Research Article - Journal of Primary Care and General Practice (2018) Volume 1, Issue 1
An observational study of hand hygiene behaviours among healthcare workers in four peri-urban health facilities in Zambia
- *Corresponding Author:
- Jenala Chipungu
Social Behavioural Research Fellow, Centre for Infectious Disease Research in Zambia
Tel: +260 977 201476
E-mail: [email protected]
Accepted date: May 17, 2018
Objective: Hand washing with soap and regular application of hand sanitising gel are simple and effective methods for reducing transmission of hospital acquired infections (HAIs) in health settings. However, such practices are generally poor amongst health care workers (HCW) globally. This study documents hand hygiene practices and their determinants amongst HCWs in four peri-urban health facilities in Zambia. Methods: Eighteen observation sessions, nine semi-structured interviews and three focus group discussions with health care providers in four high patient-load public health facilities were conducted. Framework analysis helped identify predominant themes which were pre-categorised using the determinants provided by the Behaviour Centred Design (BCD) framework. Results: Of the 780 hand hygiene opportunities observed across all four health facilities, HCWs washed their hands with soap only 8 times (1%). Hand washing was especially motivated by the fear of infection with apparently, or potentially, infectious patients and especially of more deadly conditions like cholera. Barriers included the large patient load which heightened HCWs’ sense of urgency and fairness in seeing clients quickly rather than spending time washing hands and, the discomfort of standing up to reach the hand washing station. Limited, inconveniently located or broken sinks and the absence of soap were additional barriers to hand washing with soap. Conclusions: A holistic approach including communication on risk to patients, provision of hardware, resource allocation for hand hygiene and regular monitoring of hand hygiene practices are all needed to address barriers to good practice.
Hand hygiene, hospital acquired infections, behaviour centred design, health care workers, health facilities.
Hospital acquired infections (HAIs) are a major and growing concern for health care workers (HCWs) and the patients they treat . HAIs affect 5% to 15% of inpatients of regular wards, and up to 50% in intensive care units in developed countries . A systematic review reported the prevalence of HAIs in developing countries at 15.5 per 100 patients, a higher proportion than in developed countries . The presence of pathogenic bacteria in health settings puts both the patient and HCW at risk of serious illness and even possible death . The World Health Organisation (WHO) has produced universal guidelines on HAI reduction which emphasise the practice of hand hygiene among others [4,5]. However, due to insufficient financing, overcrowding and shortage of HCWs, urban health facilities in lower income countries face challenges in operationalising these guidelines, and Zambia is not an exception [6,7].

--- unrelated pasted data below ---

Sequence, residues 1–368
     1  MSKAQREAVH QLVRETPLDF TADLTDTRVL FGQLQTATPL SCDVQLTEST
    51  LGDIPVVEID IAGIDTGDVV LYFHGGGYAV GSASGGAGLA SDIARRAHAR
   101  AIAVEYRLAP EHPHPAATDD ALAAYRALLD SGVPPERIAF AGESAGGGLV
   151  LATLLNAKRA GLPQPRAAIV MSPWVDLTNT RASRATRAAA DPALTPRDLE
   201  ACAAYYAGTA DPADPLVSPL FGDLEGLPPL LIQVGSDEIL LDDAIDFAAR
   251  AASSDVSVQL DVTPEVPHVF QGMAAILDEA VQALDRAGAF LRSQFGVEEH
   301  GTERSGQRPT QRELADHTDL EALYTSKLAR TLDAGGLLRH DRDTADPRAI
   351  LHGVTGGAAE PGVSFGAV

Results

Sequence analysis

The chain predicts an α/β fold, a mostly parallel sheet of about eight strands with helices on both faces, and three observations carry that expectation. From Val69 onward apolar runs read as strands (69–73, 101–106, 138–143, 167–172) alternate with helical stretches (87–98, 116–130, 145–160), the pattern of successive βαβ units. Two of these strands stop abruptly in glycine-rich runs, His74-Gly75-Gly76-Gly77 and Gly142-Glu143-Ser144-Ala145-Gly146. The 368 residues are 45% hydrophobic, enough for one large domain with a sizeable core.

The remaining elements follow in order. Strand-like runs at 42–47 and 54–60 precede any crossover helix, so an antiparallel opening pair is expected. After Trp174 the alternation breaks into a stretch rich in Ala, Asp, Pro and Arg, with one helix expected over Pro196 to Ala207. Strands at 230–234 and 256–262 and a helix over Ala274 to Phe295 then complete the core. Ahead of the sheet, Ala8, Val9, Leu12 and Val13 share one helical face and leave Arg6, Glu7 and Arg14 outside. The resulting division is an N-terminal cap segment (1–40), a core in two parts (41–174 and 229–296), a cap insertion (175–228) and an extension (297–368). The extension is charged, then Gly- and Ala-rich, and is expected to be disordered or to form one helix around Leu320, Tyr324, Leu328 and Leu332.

Hand hygiene (HH) involves the use of water and soap or alcohol-based hand rub or any other product, to prevent the transmission of infections from one person to the other . HAIs among HCWs and patients. The WHO encourages HCWs to practice hand hygiene at five key times, including before touching a patient, after body fluid exposure and after touching the patient . While complete compliance with hand hygiene guidelines is the ideal, actual rates remain low . For example, at a teaching hospital in Ghana, a cross sectional observational study across 15 service provision points was performed for a period of three weeks to explore HH compliance amongst HCW. The study reported 9-54% HH compliance among doctors and 10-57% among nurses . Barriers to HH practices in developing countries often include limited availability of soap and water, busy work schedule, forgetfulness and the continuous use of gloves [11,12]. In Zambia, little is known about HH practice among HCW in hospital/clinic settings. However, this is important as other studies have shown that microbiological contamination is high  and there is relatively limited awareness on infection prevention . Understanding HH determinant factors in a low-income country like Zambia, provides a basis for intervention development in similar health care settings globally.
This study quantified HH practice and explored its determinants qualitatively using the framework provided by Behaviour Centred Design (BCD). The BCD framework explains behaviour as a function of the environment (social, physical and biological), the brain (reactive, motivated and executive), the body, and the behavioural setting in which behaviour takes place . Breaking behaviour patterns requires a change in the most pertinent areas of the four domains of the environment, brain, body, and behavioural settings. The BCD framework differs from other behaviour change frameworks by designing interventions across the four domains in a manner that promotes the target behaviour as the most optimal for the target audience [16-18].